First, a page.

SDRAM was popular in laptops from the very late 1990's to the early 2000's. Unfortunately it's rare for a laptop from that production cycle to support both SDRAM and an older memory technology such as EDO. The underpinning for this is simple, doing so would mean taking up more space within the laptop chassis since SDRAM uses a different type of memory module as explained in part 3 of the Laptop Memory Upgrades Guide. The good news for SDRAM based laptops is that they offer a much higher memory bandwidth over FPM/EDO memory which is why in practise they represent a big jump from older FPM or EDO memory based laptops. Even processors in the mid to late 1990's were heavily bottlenecked by the limitations of FPM and EDO.


Should I upgrade a SDRAM memory based laptop?

SDRAM based laptops are technically considerably more modern than older FPM or EDO RAM based laptops which in turn makes them more usable, even today if you take into account basic tasks. Should you own such a laptop and find use for it then they are still worthy of an upgrade.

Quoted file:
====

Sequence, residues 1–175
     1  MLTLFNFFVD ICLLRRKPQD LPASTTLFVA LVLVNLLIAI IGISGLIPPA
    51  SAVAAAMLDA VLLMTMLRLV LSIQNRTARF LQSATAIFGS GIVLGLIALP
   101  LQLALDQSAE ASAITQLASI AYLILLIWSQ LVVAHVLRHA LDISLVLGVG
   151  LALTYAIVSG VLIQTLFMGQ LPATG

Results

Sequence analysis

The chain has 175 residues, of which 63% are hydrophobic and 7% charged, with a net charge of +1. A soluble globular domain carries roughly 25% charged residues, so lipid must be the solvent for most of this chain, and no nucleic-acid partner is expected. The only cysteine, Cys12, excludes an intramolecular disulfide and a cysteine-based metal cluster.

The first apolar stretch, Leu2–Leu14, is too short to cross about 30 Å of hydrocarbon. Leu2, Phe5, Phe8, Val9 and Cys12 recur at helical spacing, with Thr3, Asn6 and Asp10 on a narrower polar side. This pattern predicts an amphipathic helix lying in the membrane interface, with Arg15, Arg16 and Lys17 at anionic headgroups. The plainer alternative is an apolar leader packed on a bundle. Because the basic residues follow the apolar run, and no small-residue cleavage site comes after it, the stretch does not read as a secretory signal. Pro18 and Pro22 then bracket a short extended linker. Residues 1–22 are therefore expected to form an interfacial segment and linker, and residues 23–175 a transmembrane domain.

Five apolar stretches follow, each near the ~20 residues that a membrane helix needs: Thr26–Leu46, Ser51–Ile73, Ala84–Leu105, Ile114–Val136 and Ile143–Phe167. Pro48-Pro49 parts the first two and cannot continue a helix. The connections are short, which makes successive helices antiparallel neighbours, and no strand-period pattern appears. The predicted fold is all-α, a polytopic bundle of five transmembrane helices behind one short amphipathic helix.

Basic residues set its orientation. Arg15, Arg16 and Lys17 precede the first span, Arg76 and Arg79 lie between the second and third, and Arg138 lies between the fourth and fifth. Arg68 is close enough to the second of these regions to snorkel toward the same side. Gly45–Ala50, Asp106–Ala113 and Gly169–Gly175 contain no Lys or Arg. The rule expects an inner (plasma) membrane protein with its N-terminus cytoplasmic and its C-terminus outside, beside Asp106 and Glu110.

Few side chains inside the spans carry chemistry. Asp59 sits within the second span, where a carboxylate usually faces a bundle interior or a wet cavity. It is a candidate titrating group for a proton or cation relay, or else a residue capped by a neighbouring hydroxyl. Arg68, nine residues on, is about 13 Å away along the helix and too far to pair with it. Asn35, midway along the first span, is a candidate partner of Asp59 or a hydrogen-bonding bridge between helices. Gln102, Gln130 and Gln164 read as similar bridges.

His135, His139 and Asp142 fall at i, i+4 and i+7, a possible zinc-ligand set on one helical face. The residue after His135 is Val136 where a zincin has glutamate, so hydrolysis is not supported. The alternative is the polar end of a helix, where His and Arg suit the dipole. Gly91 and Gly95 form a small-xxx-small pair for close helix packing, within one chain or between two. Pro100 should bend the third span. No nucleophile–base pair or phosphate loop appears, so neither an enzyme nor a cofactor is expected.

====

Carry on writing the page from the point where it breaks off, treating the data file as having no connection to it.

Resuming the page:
DDR (Double Data Rate)

DDR laptop memory represents the oldest type of the newest wave of memory technology used in laptops. While it's referred to as DDR it's in fact DDR SDRAM - an evolution to the older SDRAM. DDR is a solution to a problem that has existed ever since processors have been advancing at a vast pace - limiting the performance bottleneck between memory and processor. DDR enables this by essentially doubling the throughput over SDRAM. In technical terms this is made possible through transferring a series of data on both the rising and falling elements of each memory clock cycle resulting in an effective two concurrent transfers. Clock speed is also evolved over SDRAM up from 133MHz to 200MHz (400MHz effective). The result is a maximum two-fold increase in bandwidth over SDRAM at the same clock speed or up to a three-fold increase if to take into account its technical advantage and maximum certified clock speed of 200MHz. This performance rises further through the use of dual channel mode which we'll discuss in part 3 of the Laptop Memory Upgrades Guide.


Should I upgrade a DDR memory based laptop?